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I am reading about manifolds from the book by Millman. He says that manifolds locally looks like a open set, but there is no canonical way to make M look like a Euclidean Space, and so we can't define tangent vectors in general sense. My doubt is even in $\mathbb{R^n}$, we check differentiablity only in an open set near a point rather than the whole space. So, why are we concerned about the manifold not looking like Euclidean space? Also explain difference between M is locally an open set and M is locally an Euclidean space. This paragraph is from the book i am reading. enter image description here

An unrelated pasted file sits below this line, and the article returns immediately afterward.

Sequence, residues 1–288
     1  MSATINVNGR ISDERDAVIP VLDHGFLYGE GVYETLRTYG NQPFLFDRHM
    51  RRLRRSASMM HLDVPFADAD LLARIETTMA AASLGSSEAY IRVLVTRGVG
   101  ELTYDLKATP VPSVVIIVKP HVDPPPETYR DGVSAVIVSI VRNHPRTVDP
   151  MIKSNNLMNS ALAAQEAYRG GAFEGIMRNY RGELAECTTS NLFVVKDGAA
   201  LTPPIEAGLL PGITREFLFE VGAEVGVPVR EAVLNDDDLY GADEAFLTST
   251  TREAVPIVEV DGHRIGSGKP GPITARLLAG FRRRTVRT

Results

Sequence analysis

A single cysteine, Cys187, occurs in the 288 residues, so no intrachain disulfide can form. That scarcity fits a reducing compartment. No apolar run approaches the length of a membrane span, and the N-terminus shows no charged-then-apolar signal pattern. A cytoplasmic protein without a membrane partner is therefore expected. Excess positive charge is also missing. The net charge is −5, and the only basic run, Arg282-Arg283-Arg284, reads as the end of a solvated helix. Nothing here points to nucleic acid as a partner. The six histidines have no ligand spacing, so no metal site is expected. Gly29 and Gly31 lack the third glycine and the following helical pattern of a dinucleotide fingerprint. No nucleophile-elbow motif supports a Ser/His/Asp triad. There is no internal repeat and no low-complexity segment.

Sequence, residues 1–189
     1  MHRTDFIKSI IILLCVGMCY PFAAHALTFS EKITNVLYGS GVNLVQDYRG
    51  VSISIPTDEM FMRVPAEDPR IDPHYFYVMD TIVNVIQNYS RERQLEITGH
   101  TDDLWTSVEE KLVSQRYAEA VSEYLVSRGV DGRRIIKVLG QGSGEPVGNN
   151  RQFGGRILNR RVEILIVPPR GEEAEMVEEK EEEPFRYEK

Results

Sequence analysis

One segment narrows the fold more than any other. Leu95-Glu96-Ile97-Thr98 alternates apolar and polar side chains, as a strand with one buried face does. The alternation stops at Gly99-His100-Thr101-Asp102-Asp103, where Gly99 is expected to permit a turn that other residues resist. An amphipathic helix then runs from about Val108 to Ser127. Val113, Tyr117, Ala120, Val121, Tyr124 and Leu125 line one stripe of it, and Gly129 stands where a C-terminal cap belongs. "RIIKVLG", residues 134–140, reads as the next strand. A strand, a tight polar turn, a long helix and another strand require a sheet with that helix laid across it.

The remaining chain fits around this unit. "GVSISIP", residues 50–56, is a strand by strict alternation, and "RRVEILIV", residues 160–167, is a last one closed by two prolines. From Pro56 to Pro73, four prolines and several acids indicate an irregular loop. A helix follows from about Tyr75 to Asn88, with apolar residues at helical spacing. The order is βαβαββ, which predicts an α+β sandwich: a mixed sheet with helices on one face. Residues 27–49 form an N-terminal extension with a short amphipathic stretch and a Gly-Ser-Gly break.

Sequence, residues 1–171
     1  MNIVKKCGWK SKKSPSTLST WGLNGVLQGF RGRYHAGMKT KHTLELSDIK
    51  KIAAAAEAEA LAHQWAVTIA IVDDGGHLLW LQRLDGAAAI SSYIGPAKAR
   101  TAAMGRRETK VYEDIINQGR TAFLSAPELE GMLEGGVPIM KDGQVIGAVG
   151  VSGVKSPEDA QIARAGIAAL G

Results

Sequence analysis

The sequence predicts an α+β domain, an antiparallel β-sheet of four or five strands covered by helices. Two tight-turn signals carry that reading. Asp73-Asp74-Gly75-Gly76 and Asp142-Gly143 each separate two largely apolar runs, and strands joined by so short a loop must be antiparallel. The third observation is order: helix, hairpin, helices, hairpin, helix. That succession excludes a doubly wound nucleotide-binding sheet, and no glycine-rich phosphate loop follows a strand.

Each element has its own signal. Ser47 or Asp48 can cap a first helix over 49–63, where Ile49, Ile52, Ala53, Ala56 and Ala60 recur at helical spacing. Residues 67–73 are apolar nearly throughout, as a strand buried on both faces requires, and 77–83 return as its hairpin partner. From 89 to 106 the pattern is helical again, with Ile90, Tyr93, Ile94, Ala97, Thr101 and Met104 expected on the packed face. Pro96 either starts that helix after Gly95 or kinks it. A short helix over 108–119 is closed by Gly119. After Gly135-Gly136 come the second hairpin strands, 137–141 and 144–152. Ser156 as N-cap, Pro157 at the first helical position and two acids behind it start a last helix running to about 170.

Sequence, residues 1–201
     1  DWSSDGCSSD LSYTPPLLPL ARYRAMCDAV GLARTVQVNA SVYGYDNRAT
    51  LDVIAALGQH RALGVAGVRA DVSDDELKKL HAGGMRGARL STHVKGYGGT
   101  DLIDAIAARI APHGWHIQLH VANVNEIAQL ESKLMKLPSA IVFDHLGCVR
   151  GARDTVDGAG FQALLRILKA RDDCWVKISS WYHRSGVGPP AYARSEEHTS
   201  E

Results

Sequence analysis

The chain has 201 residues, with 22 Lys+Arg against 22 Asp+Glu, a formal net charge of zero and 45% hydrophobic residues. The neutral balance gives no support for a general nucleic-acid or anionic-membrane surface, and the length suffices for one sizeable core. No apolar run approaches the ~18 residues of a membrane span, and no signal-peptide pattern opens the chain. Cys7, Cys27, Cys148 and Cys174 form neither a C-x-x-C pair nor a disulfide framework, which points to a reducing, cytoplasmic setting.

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  • $\begingroup$ What do you mean by "M is locally an open set"? As for your question "why are we concerned..." my answer would be that having the entire $M$ an open subset of $R^n$ would eliminate the need for transition maps. Thus: We are not concerned. $\endgroup$ – Moishe Kohan Mar 13 '14 at 20:10

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